Our Real Grammar series showed how the evidence of language in use often undermines or contradicts the made-up or outdated “rules” which some people insist on.
In this series on Real Vocabulary, with Scott Thornbury, we’re bringing you blog posts, videos and a quiz that give evidence-based answers to frequently asked questions about vocabulary.
In the fifth question in our Real Vocabulary quiz, we asked whether it was acceptable to use the verb comprise in the expression be comprised of. We looked at two sentences which convey the same meaning but using different constructions:
The development comprises 50 houses and 75 apartments.
The development is comprised of 50 houses and 75 apartments.
Our conclusion was that both constructions – active and passive – are equally acceptable. However, it’s fair to say that many people object to the be comprised of variation.
About a year ago, a contributor to Wikipedia named Bryan Henderson was in the news when he announced that he had devised a software routine – which he applied to the entire Wikipedia database – to find and remove 47,000 instances of the expression “be comprised of”. He was regarded by many as a hero. And he’s not alone: for the Chicago Manual of Style, be comprised of is “poor usage”, while Grammar Girl tells us that
Most grammar sources I checked agree that “is comprised of” is an incorrect phrase.
It’s easy to see why this view is so widespread: it feels counterintuitive to say that a verb can convey the same meaning whether used actively or in the passive. After all, if we substituted include here, we could say “the development includes 50 houses…”, but definitely not “The development is included of 50 houses”.
The reason for all this confusion is that the verb comprise has two distinct meanings. The earliest one is something like “to consist of or be formed of”, so we can say
The European Union consists of OR is formed of OR comprises 28 member states.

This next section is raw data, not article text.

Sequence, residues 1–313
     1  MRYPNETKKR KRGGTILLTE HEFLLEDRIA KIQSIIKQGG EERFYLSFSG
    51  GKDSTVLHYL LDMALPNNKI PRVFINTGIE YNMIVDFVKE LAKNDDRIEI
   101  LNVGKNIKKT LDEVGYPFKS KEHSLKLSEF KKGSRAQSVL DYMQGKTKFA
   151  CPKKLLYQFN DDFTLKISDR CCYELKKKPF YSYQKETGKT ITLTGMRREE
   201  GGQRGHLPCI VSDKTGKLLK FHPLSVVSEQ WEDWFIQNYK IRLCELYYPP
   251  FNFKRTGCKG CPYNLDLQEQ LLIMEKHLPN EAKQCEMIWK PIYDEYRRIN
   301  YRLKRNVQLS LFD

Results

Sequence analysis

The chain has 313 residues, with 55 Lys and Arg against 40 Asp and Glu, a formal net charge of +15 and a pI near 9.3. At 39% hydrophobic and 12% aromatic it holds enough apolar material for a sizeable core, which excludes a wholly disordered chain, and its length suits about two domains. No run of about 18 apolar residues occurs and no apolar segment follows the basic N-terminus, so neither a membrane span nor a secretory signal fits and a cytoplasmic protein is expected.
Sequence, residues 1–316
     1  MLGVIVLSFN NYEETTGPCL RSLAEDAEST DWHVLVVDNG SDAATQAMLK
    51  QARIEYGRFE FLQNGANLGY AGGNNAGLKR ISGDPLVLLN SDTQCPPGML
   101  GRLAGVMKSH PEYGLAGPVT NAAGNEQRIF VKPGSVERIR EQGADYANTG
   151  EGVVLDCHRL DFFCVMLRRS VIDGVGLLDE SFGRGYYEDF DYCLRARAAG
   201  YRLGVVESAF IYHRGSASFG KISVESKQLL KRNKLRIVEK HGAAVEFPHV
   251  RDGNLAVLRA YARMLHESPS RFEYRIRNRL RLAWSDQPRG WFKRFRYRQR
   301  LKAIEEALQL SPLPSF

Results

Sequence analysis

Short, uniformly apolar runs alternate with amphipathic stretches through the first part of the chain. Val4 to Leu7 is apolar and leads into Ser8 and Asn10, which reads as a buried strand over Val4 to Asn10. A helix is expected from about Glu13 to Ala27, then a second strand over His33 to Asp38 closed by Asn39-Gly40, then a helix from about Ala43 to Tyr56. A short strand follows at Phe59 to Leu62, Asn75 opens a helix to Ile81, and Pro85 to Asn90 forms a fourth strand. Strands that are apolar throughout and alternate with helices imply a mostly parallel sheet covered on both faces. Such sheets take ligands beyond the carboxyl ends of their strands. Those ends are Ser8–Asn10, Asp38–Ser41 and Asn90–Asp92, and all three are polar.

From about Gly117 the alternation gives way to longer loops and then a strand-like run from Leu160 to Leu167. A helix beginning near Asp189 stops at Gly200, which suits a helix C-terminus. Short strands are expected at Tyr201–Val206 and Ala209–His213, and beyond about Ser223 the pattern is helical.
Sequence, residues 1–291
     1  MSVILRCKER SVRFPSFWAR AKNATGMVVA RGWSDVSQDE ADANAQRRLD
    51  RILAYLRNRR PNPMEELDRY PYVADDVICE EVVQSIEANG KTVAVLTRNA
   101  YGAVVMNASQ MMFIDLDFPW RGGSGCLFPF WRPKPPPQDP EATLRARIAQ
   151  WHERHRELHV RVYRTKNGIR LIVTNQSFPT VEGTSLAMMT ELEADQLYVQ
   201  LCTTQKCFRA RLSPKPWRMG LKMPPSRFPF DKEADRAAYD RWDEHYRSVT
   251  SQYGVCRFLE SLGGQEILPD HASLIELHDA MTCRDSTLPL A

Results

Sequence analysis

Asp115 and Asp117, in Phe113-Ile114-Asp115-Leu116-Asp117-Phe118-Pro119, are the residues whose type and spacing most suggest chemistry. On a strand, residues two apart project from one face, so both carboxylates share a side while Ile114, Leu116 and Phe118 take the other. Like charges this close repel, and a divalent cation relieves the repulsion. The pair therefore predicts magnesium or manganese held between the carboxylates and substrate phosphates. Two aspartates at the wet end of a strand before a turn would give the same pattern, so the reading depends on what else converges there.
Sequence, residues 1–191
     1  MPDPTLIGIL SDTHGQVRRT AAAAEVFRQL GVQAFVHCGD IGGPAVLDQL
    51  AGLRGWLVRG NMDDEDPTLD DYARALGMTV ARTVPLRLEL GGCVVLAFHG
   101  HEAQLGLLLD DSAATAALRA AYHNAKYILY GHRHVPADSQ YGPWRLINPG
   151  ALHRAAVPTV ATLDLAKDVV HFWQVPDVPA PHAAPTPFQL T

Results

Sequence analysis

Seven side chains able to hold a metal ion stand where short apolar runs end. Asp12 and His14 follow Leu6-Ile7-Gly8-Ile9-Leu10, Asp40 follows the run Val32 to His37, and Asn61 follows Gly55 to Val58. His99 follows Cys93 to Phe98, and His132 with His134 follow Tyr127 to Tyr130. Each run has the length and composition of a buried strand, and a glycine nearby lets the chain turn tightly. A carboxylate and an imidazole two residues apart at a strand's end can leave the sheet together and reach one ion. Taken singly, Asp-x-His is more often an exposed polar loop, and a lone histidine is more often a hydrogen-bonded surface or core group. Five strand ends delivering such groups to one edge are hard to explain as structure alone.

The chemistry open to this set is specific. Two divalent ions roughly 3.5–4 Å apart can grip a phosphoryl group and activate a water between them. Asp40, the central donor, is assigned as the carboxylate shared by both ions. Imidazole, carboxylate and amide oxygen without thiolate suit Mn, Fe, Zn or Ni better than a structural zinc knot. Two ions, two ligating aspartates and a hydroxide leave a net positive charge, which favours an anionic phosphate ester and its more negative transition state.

Here the subject of the verb (the European Union) is a single entity, which consists of several parts.
But comprise later acquired a second meaning, roughly equivalent to “to make up or constitute”. So in these examples from our corpus (which invoke the second meaning) the situation is reversed:
…the relevant bodies and individuals which comprise the University’s community…
The document has the full support of all of the professional groups which comprise the BSHG.
…the populists, libertarians and cultural right-wingers who comprise the ascendant wing of the party…
Here the subject of the verb is a number of entities which collectively form a single whole. And of course, when you passivize the second meaning, the resulting phrase (“is comprised of”) has the same meaning as the active form of the first meaning – as shown in the two sentences we started with.
All this flexibility is too much for Bryan Henderson, but every one of his arguments is elegantly demolished in an excellent article by David Shariatmadari – which nicely complements the case we’re making here.
It is reasonable to argue that the second meaning of comprise may sometimes lead to a lack of clarity (though language is full of ambiguities, and these are almost always resolved by the context). What is not reasonable is to conclude that the second meaning (which has been around since the 18th century, and is well attested in corpus data) is “wrong”. It isn’t.
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